Golden State then enjoyed the greatest regular season in NBA history, posting a league-record 73 wins en route to a berth in the 2016 NBA Finals.
In the regular season, Clark appeared in 77 games, averaging 6.8 points, 1.6 rebounds and 1.2 assists per game. He shot 49 percent from the field and 37 percent from 3-point distance. Clark became an instant fan favorite, earning the respect of MVPs Kevin Durant and Stephen Curry
He scored a career-high 36 points at San Antonio March 11, 2017.
In 2017, Clark ranked fifth among all NBA shooting guards in field goal percentage, 15th in true shooting percentage (.575) and averaged 22.2 points per 48 minutes.
Clark averaged 6.8 points per game on 51 percent shooting in the NBA playoffs, including 10 points in Game 2 of the 2017 NBA Finals.
He became the first OVC player since 1971 to win an NBA title.
Clark completed six NBA seasons, his last two with the New Orleans Pelicans. The Memphis, Tennessee native became an integral member of NOLA, recording career-highs in points (7.4), assists (1.5) and minutes played (19.7) per game in 2017-18. He averaged 11.0 points per game on 49 percent shooting after the NBA All-Star break.
As part of New Orleans' 2019 playoff push, Clark buried a decisive 3-pointer in Game 1 of the Pelicans' opening round sweep of Portland, and scored a playoff career-high 18 points vs. Golden State in the NBA Western Conference semifinals.
Clark averaged 6.7 points per game in 60 game appearances with the Pelicans. He averaged 23.0 points per game in the month of April.
Clark is currently playing professionally in China.
But Belmont's NBA success story doesn't end with Windler and Clark. In fact, they and several former Bruins have forged personal pathways to the association.
NBA Skills Coach/Consultant and CEO of Pure Sweat Basketball Drew Hanlen ('12) has built a reputation as one of the most coveted and respected player development voices in the game. What began with NBA All-Stars David Lee and Bradley Beal has blossomed into training regimens for a bevy of household names, including Jayson Tatum, Joel Embiid, Zach LaVine and RJ Barrett.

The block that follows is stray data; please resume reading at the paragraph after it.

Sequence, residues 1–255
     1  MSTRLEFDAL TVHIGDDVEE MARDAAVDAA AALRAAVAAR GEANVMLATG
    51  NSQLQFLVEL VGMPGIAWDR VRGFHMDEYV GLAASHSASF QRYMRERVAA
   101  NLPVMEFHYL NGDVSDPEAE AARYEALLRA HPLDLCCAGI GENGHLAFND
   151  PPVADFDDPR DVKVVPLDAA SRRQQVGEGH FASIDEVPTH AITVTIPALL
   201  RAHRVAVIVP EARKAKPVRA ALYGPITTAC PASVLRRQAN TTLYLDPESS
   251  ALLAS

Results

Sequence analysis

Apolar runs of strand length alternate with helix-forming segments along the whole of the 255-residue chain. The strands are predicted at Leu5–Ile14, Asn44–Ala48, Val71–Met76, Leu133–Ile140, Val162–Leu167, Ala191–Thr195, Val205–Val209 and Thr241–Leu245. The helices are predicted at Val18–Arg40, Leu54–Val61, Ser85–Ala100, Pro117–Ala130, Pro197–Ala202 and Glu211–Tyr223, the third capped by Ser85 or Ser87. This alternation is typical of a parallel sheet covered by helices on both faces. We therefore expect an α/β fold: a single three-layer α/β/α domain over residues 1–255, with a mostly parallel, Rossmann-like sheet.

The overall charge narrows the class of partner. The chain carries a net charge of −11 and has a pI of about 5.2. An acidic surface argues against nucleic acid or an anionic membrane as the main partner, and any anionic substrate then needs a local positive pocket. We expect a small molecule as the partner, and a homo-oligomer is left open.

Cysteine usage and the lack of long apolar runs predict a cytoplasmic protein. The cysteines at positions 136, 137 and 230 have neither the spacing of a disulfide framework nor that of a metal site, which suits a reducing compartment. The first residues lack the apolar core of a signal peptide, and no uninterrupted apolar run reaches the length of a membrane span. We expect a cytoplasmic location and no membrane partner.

Adam Barnes ('13) won four consecutive conference championships with Clark and Hanlen. And after pursuing a career in accounting, seized an opportunity as an operations assistant with the Cleveland Cavaliers. After experiencing the Cavs' 2016 NBA Championship, Barnes has been reunited with respected executive David Griffin, serving as chief of staff for the New Orleans Pelicans.
Two-time All-American Evan Bradds ('17) seemed destined for a lengthy professional career. But after sustaining an injury during a pre-draft workout with the Indiana Pacers, a different calling took hold: coaching. Bradds was hired as an assistant coach for the Maine Red Claws, the Boston Celtics' NBA-G League affiliate. Added to the Celtics' 2018 playoff staff, Bradds is now a full-time video assistant for the 17-time NBA Champions.
A handwritten letter to Coach Byrd initiated quite the journey for T.J. Saint. The former walk-on at Mercer simply dreamed of getting into coaching. Two seasons as a student assistant led to three more at Butler University, before ultimately joining the staff of the Detroit Pistons. Saint is currently an assistant coach with the Erie BayHawks of the NBA G League.
Belmont's NBA story would be incomplete without mention of Joe Gaines. The dynamic forward, whose program rebounding records may never be broken, was drafted by the Portland Trail Blazers in the 1972 NBA Draft. Gaines would go on to play three seasons for the Scranton Apollos of the Eastern Basketball Association (EBA).